Assume a system supports update locks. An update lock is requested at the time a read is done if the transaction will write the same variable later in the transaction. The conflict table for the locks is shown below.
1A. Show that with only read-write locking, the following schedule will deadlock. Assume that all locks are held until the end of the transaction.
r1(x) r1(z) r2(x) w1(x) w1(z) w2(x)
1A. ANSWER. With all locks held until the end and with conflicts between read and write locks, the w1(x) will have to wait (because of r2(x) read lock) and then the w2(X) write lock request will not be granted because T1, in a wait state, holds a read lock on x.
T1: r1(x) r1(z) req. w1(x) wait ......... w1(z)(never executes) T2: r2(x) req. w2(x) wait ....... DEADLOCK
1B. Now explain how the situation is changed if the update locks are requested instead of read locks. Again, assume that all locks are held until the end of the transaction.
1B. ANSWER. Note that the question said that update locks are requested INSTEAD OF read locks. Since each data item will be written by the same transaction at a later time, update locks are requested. That is what they're for. So T1 requests and obtains update locks on x and z. This prevents the update lock associated with the request for r2(x) from being granted, since update locks conflict. T1 can proceed to the end without deadlocking. Only at that time, when all T1's locks are released, can T2 begin, with its update lock on x granted. Update locks are designed to prevent just these common deadlock situations. They are sometimes called "reads with intent to write". Below, a "Ux" is a request for an update lock for x.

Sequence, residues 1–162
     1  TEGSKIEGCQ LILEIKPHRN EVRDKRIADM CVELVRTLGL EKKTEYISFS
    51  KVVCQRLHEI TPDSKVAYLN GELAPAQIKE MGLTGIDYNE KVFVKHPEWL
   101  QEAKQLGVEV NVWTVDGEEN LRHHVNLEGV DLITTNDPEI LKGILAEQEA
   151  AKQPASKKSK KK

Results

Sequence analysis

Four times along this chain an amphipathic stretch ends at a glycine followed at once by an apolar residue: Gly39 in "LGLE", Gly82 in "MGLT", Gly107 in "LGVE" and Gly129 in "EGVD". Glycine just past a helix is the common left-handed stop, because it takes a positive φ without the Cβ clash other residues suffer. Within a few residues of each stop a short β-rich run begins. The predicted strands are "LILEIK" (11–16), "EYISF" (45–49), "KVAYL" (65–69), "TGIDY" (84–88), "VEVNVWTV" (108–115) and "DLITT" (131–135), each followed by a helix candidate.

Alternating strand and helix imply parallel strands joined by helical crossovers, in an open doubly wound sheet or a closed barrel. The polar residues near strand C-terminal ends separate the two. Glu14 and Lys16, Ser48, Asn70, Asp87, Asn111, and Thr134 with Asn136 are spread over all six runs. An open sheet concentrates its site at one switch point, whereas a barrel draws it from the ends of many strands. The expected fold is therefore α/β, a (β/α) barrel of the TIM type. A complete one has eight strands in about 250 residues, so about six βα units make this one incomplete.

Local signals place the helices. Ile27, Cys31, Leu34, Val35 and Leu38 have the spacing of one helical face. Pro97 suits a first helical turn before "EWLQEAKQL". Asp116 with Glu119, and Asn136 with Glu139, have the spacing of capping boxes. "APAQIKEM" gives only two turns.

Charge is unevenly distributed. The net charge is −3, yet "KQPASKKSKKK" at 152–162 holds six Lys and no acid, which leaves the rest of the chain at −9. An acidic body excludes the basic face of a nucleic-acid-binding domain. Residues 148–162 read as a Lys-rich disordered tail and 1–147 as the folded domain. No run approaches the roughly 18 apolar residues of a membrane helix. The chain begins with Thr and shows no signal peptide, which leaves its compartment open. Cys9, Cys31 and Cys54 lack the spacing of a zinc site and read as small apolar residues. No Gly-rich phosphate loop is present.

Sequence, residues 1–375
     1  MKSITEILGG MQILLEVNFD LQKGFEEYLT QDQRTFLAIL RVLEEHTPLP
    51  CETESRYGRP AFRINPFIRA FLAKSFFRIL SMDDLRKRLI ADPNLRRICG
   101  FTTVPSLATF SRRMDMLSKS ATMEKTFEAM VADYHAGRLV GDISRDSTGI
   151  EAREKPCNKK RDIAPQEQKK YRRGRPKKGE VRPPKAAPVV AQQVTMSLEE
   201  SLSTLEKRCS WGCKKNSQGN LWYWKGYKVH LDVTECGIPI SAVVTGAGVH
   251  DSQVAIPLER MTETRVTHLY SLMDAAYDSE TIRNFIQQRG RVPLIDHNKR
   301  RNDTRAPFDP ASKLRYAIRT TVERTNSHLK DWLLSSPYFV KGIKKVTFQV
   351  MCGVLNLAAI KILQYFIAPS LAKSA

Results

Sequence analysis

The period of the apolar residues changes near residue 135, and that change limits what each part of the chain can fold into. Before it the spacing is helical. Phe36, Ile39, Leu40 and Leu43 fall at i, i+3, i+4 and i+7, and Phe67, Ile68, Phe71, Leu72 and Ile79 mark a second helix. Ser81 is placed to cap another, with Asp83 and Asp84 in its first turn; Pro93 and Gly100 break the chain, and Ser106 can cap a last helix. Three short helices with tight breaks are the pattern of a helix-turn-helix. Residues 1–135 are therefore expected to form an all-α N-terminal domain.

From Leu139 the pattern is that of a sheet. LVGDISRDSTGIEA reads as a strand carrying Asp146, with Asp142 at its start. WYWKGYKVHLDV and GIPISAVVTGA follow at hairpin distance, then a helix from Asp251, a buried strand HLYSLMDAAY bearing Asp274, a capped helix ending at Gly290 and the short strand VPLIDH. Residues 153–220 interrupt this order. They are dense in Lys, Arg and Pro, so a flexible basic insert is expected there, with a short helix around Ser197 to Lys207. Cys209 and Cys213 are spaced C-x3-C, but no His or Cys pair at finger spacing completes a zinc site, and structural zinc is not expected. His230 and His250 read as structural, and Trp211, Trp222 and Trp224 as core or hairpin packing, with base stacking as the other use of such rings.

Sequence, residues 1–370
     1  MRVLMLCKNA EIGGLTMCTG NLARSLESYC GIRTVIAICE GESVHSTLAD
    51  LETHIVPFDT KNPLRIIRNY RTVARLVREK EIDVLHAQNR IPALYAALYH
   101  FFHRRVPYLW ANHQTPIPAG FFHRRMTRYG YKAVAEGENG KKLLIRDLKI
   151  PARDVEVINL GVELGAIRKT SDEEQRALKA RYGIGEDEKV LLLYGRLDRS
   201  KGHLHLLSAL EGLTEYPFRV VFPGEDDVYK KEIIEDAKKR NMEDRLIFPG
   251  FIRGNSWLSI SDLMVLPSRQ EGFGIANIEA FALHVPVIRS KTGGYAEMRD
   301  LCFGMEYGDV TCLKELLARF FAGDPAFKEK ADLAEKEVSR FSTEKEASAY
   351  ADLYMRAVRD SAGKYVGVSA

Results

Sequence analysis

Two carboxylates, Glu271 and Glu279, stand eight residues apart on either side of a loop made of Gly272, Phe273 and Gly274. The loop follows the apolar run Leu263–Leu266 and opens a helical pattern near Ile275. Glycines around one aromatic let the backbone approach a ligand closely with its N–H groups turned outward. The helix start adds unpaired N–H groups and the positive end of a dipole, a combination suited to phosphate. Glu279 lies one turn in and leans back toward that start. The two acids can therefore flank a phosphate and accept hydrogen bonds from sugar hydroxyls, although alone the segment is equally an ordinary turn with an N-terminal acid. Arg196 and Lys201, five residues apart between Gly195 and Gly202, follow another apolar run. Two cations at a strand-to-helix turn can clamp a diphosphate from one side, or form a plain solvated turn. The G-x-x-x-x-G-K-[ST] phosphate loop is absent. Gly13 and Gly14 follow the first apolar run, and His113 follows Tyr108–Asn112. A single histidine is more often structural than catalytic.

T1: Ux r1(x) Uz r1(z) w1(x) w1(z) (end transaction) T2: Ux wait ...... r2(x) w2(x)
The problem below is identical to the one in the locks/waits handout, except that rows 3, 4 and 7 in the table have been left blank. Your job is to fill in the missing entries. Create the three missing rows IN YOUR BLUE EXAM BOOKLET and fill them in there. Do NOT hand in this question sheet.
Notes on the table below:
2. ANSWER. The full table, from the earlier handout is shown below, with rows 3, 4 and 7 filled in.
|0||r1||R||rx||R||r1(x) requested and granted|
|1||r1, r2||R||rx||R||rx||r2(x) requested and granted|
|2||r1, r2||r1||R||rx, ry||R||rx||r1(y) requested and granted|
|3||r1, r2||w2||r1||R||rx, ry||W||rx, wwx||w2(x) requested, 2 suspended|
|4||r1, r2||w2||w1||R||rx, wy||W||rx, wwx||w1(y) requested and granted|
|5||r1, r2||w2||w1||R||rx, wy||W||rx, wwx||T2 continues to wait|
|6||r2||w2||N||W||rx, wwx||T1 commits, releases its locks|
|7||w2||N||R||wx||Lock wait promoted for 2, 2 runs|
|8||N||N||T2 commits, releases its lock|
Some points to note in the table above: some people omitted the "wwx" items in rows 3 and 4. But the fact that they were visible in rows 5 and 6 should have made you stop and think about where they first appeared. Occasionally people would have a row in which a read lock was held by 1 at the same time a write lock was held by 2. That's not allowed by the standard conflict rules, so again, you needed to be on the lookout for such inconsistencies and delayed the granting of a conflicting lock.Question 3.
T1: w(x) commit-or-abort T2: r(x) w(y)
3A. Explain why the schedule is or is not serializable if T1 commits.
3A. ANSWER. Questions of serializability can be answered independently of concerns about locking. This is such a case. We just inspect the schedule as presented and see if it serializable. The only conflicting operations are w(x) for T1 and r(x) for T2. For this pair, T1 precedes T2 so the schedule is serializable.
I did not explicitly state where the commit/abort point was for T2, so for that I lost 3 points and 3 points were added to each person's score.
3B. Explain why the schedule is or is not serializable if T1 aborts. (Hint: Assume that an abort is equivalent to one or more writes.)